by Emily Kate Long
I had the privilege last week of attending Dancer Health Day 2012, held July 9 at the National Museum of Dance in Saratoga Springs, New York. The event featured a panel of presenters who addressed a wide range of health issues for dancers: psychology, nutrition, foot health, injury rehab, and cross training, to name a few. The speakers present were Dr Linda Hamilton, Ph.D.; Eliza Minden, creator of Gaynor-Minden pointe shoes; Julia Erickson, co-owner/co-developer of Barre—a real food barre; Meghan Del Prete, a Pilates studio owner and Skidmore College dance faculty member; and Kim Teter, a physical therapist and former member of American Ballet Theatre. These women’s stories were spot on—they’ve been through all the struggles of a life in dance and are now focusing their talents to alleviate some of those difficulties for future generations of dancers.
Ms Minden’s presentation focused on foot and lower leg health as affected by pointe shoes—traditional paste shoes as well as the high-tech Gaynor-Mindens. A wealth of related information is available on the company’s website, dancer.com, and in Ms Minden’s latest book, The Ballet Companion.
Dr Hamilton’s talk was one of the highlights of the event. She spoke briefly about everything from sleeping habits to workplace stress to injury. She really projected compassion and encouragement—a sense of knowing how scary and confusing health maintenance can be, especially for young dancers. Her important message to the crowd of mostly middle- and high school-age girls was the importance of being aware of our habits so that we can monitor their effects and modify our behavior when necessary. Her latest book, The Dancer’s Way, provides concrete strategies for modification as well as screenings and worksheets for injuries, diet, and stress.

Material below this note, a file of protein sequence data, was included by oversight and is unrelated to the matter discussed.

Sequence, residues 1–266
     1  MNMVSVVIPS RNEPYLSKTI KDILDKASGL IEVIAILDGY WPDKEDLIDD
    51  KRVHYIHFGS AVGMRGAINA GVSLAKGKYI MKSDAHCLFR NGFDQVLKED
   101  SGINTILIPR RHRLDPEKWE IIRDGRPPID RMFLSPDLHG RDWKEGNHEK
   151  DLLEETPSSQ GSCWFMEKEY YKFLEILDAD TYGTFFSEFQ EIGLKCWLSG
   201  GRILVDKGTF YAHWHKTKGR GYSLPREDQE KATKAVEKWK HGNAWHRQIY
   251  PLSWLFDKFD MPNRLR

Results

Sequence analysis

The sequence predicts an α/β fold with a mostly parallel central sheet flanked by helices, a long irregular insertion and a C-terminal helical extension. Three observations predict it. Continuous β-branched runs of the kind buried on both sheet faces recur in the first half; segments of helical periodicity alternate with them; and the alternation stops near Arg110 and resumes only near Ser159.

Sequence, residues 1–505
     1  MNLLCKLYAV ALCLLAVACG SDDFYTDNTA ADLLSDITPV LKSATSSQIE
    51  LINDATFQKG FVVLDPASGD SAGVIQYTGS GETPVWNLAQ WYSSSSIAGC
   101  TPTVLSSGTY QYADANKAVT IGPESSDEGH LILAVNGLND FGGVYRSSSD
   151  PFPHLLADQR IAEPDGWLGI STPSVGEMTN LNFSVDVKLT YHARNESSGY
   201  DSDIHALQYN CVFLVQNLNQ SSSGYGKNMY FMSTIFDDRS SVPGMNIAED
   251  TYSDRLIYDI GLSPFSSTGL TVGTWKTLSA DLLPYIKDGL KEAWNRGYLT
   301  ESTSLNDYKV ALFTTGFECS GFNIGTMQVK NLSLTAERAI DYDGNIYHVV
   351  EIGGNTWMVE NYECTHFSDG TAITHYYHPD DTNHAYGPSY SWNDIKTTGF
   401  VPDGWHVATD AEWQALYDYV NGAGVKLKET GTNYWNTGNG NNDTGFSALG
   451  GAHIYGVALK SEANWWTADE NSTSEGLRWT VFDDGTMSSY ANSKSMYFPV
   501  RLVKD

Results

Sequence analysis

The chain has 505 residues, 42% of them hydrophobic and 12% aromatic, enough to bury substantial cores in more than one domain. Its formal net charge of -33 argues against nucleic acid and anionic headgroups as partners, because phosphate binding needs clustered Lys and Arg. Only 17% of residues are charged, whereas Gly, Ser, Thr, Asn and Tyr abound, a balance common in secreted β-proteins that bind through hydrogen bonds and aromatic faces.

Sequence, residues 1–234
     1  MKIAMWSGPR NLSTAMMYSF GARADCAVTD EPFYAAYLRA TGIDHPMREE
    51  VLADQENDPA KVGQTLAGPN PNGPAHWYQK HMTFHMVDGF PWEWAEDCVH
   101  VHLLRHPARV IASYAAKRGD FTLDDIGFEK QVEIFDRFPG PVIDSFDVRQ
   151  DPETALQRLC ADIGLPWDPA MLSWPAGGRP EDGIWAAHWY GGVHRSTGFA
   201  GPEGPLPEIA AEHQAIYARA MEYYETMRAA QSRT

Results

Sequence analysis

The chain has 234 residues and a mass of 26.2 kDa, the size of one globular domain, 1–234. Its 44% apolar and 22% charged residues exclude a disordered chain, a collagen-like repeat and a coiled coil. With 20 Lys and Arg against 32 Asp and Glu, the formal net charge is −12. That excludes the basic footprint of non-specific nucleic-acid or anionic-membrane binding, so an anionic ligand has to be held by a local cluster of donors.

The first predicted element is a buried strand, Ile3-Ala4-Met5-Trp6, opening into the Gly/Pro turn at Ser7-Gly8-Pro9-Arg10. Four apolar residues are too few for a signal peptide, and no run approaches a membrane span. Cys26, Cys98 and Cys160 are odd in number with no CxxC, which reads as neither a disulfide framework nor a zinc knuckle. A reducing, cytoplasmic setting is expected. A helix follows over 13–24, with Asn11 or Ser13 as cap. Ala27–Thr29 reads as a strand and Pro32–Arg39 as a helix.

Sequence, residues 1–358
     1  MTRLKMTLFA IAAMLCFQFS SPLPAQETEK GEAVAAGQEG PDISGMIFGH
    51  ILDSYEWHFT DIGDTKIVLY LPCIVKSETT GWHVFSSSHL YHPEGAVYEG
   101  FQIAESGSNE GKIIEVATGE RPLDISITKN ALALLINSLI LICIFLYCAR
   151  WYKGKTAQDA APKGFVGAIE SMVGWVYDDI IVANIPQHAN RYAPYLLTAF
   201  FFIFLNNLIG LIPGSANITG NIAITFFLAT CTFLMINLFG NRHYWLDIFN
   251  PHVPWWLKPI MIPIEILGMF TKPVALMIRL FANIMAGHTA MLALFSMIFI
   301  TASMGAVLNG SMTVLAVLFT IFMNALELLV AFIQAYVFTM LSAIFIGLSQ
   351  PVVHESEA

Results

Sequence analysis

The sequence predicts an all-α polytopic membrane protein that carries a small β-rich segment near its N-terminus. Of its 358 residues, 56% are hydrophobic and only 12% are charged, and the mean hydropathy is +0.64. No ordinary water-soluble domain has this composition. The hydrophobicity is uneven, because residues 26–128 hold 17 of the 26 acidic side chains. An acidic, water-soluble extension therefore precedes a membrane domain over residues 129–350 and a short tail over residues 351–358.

Julia, currently a principal dancer with Pittsburgh Ballet Theatre, spoke about her health experiments with candor and humor: her “bagel-bagel-pasta” diet in the 1990s, her current love of Pilates for cross training, and the “un-glamorous” way she had to scarf snacks on her five-minute breaks to survive rehearsals for her debut in Swan Lake. Those frantic snack breaks were what led to her to develop Barre, a whole-food bar marketed especially to dancers. More information about Barre is available on its website.
Ms Teter and Ms Del Prete both addressed cross training and rehabilitation for dancers for injury prevention and recovery. Both noted the importance of seeking help from medical and fitness professionals who are familiar with dancers’ unique physical training requirements.
Being at this forum was thrilling. The Museum plans to make Dancer Health Day an annual event, and I would love to see it implemented as a yearly occurrence at venues all over the country. This is such an important conversation to have now, as dance is struggling to redefine itself as a field and dancers seek to be seen at once as artists, athletes, and cultural and social ambassadors. Dance is a broad service, and the needs of its participants are likewise broad. The more active we can be in preserving and improving all aspects of our own wellness, the better off our art form will be. Here’s to our health!
Contributor Emily Kate Long began her dance education in South Bend, Indiana, with Kimmary Williams and Jacob Rice and graduated in 2007 from Pittsburgh Ballet Theatre School’s Schenley Program. Ms Long attended Milwaukee Ballet School’s Summer Intensive on scholarship before being invited to join Milwaukee Ballet II in 2007. She also has spent summers studying at Saratoga Summer Dance Intensive, Miami City Ballet, Pittsburgh Ballet Theatre School, Pittsburgh Youth Ballet, and Ballet Chicago.
Ms Long has been a member of Ballet Quad Cities since 2009. She has danced featured roles in Deanna Carter’s Ash to Glass and Dracula, participated in the company’s 2010 tour to New York City, and most recently performed the title role in Courtney Lyon’s Cinderella and the role of Clara in The Nutcracker. Prior to joining Ballet Quad Cities Ms Long performed with Milwaukee Ballet and MBII in Michael Pink’s The Nutcracker and Candide Overture, Petipa’s The Sleeping Beauty and La Bayadére, Balanchine’s Who Cares?, Bournonville’s Flower Festival in Genzano and Napoli, and original contemporary and neoclassical works by Tom Teague, Denis Malinkine, Rolando Yanes, and Petr Zaharadnicek.